20. Monophonics – It’s Only Us [Colemine]
The Bay Area’s indelible psychedelic soul, live-show phenomenon, Monophonics have just released their third full-length, It’s Only Us. It combines the raw funk and sheer power of early soul masters with a touch of mind-bending effects in a dub-like vein. Singer Kelly Finnigan and company are calling it as they see it about the common day political state and the overwhelming sense of loneliness. Perhaps from the powers that be, perhaps not even in a political lean, but the theme strikes home for many of us in this day and static age. A proper soul record that smokes from start to finish is a fine way to mitigate the norms, social and otherwise. Simply said, if you can make it past “Chances” without a repeat, you’re dead inside.
With one of the best songs of 2020 starting things up, Monophonics stretch an eight-song record to its wildest abyss. Combining spacey build-ups with shuttering vocal effects is just part of the buttery slickness, reminiscent of early Impressions mixed with latter-day Curtis Mayfield too, and a touch of Isaac Hayes, after the acid, of course. Using them as building blocks but completing the assembly in their own sonic fashion with horns aplenty and a rhythm section well-versed in the sanctifications of their predecessors but deep diving to make a sound their own. — Scott Zuppardo
19. Swamp Dogg – Sorry You Couldn’t Make It [Joyful Noise]
At 77 years-young Swamp Dogg’s (Jerry Williams Jr.) custom brand of psychedelic, swampy soul and R&B has carried him far and wide since the 1950s. His latest offering Sorry You Couldn’t Make It is drenched in all the above but pull away at the layers, and you’ll come to realize Swamp Dogg is decidedly country at the foundation. Sure, he loves his horns, we all do, but his country roots are showing on this record, and it’s glorious.
You can’t fit Swamp Dogg into a box. He’s more country than most, more funk than the rest, and has more soul than all of them put together. On this new record, he’s laid down sad songs, love songs, songs about death, clairvoyant songs on all facets of the human condition in an emotive pocket that sucks you dry and reinvigorates in one fell swoop. Infectious rhythms, coupled with his silky, smooth delivery, lay the gravel for the record. Built upon by a dream-like backup band featuring Justin Vernon, Jenny Lewis, and key man, figuratively and literally, Derick Lee leading the band that was at times as large as 14 musicians. — Scott Zuppardo
18. The Budos Band – Long in the Tooth [Daptone]
The title of Staten Island-based instrumental funk group Budos Band’s upcoming 15th-anniversary album, Long in the Tooth, is a perhaps obvious but no less satisfying piece of wordplay that speaks to both the group’s longevity and style. Evocations of the snake have long been key to Budos releases, fitting visual analogues for the group’s serpentine style as they wind back and forth across the borders of retro cinema, golden age Ethiojazz, and psychedelic soul, all with a sinister edge. On Long in the Tooth, we find Budos Band on the attack once more with renewed fervor, fangs truly bared.
Long in the Tooth feels timely as a catharsis, but also mostly unexpected in terms of the immersive soundscapes and unspoken stories it contains. For a group halfway through their second decade — one that could likely coast on its established fanbase and tried-and-true formula of psych-rock and soul — this is no small feat. Daptone Records’ most roguish staples have an enviable career and a sense of style that keeps on giving, and Long in the Tooth, for its ingenuity, is a vibrant continuation of that. — Adriane Pontecorvo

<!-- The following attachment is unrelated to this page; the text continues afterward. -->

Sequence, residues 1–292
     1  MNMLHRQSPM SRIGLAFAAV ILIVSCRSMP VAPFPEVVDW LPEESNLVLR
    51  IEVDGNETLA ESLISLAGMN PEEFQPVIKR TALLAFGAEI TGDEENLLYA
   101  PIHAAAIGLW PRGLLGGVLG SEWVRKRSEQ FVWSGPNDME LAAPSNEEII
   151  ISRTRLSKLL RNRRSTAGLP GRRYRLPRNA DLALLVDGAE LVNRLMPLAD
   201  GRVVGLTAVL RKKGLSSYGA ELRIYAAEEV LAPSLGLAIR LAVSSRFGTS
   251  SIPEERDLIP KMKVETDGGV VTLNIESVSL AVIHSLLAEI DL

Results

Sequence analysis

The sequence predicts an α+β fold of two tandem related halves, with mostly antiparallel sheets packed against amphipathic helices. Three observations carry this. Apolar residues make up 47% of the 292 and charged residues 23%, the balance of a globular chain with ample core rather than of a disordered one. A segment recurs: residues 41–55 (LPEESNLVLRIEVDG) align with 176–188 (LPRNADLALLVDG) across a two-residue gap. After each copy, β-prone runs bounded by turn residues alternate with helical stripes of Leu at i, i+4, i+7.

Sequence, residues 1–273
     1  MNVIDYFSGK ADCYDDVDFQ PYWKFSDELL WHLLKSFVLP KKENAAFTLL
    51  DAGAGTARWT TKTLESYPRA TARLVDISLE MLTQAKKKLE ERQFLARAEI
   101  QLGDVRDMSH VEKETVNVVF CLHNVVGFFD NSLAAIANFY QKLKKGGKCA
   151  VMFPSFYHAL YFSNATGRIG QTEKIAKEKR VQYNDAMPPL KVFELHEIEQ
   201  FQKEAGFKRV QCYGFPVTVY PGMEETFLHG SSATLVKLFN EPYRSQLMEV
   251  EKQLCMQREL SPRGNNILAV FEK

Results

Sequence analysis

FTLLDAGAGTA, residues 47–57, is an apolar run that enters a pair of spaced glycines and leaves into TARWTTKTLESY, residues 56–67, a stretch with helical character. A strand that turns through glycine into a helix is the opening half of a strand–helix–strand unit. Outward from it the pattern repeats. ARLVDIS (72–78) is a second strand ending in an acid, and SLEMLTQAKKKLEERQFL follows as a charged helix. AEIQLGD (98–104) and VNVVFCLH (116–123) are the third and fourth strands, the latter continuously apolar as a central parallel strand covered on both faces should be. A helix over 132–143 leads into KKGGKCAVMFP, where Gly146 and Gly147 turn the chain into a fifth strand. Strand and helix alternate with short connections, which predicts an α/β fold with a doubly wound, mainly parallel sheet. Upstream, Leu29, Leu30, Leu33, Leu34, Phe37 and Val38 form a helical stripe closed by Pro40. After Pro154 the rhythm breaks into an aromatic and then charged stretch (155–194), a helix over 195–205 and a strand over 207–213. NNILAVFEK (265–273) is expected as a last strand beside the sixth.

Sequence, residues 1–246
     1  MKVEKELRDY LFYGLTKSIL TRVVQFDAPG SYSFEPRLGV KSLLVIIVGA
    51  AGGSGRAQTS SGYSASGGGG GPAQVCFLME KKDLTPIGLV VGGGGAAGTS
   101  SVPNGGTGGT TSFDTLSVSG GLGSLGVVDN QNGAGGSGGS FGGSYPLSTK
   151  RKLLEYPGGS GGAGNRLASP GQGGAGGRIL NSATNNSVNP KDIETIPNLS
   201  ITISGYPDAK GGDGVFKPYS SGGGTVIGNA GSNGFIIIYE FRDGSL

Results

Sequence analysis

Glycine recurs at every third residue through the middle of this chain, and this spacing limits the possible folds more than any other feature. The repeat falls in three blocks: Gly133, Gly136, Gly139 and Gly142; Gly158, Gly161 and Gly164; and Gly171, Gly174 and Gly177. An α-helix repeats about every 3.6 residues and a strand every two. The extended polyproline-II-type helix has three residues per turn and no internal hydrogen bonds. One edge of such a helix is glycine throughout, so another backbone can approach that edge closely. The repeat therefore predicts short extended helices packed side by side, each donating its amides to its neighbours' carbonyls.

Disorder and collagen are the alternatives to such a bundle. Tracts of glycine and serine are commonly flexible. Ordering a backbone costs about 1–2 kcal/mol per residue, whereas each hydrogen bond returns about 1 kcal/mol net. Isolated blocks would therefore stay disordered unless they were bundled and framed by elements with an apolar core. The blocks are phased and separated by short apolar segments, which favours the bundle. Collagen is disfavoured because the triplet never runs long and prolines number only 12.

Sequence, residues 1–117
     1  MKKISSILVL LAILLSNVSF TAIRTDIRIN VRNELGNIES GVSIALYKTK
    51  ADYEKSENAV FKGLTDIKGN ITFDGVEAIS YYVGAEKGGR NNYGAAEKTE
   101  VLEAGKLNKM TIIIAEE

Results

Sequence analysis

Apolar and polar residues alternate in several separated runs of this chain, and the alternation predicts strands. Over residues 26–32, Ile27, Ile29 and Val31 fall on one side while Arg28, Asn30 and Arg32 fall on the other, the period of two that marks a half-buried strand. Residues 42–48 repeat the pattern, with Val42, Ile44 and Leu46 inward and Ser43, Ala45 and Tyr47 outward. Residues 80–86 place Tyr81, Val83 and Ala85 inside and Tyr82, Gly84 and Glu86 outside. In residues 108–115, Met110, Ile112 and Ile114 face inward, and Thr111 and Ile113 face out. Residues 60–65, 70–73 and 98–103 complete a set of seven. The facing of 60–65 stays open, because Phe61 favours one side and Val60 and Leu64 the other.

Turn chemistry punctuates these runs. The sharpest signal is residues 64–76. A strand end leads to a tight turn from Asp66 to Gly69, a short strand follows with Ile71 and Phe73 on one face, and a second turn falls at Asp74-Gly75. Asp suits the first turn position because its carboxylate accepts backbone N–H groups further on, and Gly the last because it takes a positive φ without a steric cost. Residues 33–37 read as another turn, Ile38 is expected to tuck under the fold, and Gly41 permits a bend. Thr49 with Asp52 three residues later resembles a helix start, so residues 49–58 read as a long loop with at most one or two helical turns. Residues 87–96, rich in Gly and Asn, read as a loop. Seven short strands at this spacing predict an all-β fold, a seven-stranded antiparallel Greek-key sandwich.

17. Orion Sun – Hold Space for Me [Mom + Pop]
Hold Space for Me, the debut album from Orion Sun, neé Tiffany Majette, is an accomplished blend of soul and R&B, with a little hip-hop thrown in as well. Majette, a multi-instrumentalist and songwriter, builds her songs around her singing voice, which is quiet and clear. She tends to create low-key but strong melodies, making her songs a compelling listen that usually don’t go for the big pop hook.
There’s a sense of intimacy about the album as well. Some of that comes from Majette’s tendency towards sparse instrumentation, but her confessional, personal lyrics also draw in the listener. Hold Space for Me is a confident debut record that shows Orion Sun is very much in control of what she wants to do. She seems to know that her voice is her great strength right now, and she lets it stay front and center through the whole album. — Chris Conaton
16. Khruangbin and Leon Bridges – Texas Sun [Dead Oceans]
Leon Bridges and Khruangbin collaborate for
Texas Sun, a four-song EP that is indebted to their home state. Since the Alamo and the problematic intent and effect of manifest destiny, Texas has stood for the lone cowboy image or the rugged individualism side of the American dream, but that discredits the vast diversity that represents the state today. A majority of the Texas population is non-white and has been for 15 years. On “Midnight”, Bridges sings “midnight black on the outside” in a tale of driving across Fort Worth with classic American romantic imagery. It’s a deft extension of Bridges’ boilerplate political lyrics on songs like “Bad Bad News” from his 2018 album Good Thing.
It adds up to Texas Sun maybe being each artists’ best work. Leon Bridges loosens up a bit out of his stuffy old-soul persona, and Khruangbin thrive in taking a more ornamental role amidst a loose pop structure. The downside is that the EP only lasts 20 minutes and highlights this as a more gauzy one-off rather than a definitive artistic statement. Texas Sun should certainly act as a template for both artists – though especially Bridges – to pursue more varied sounds to jolt listeners and themselves out of their comfort zones. — Andrew Cox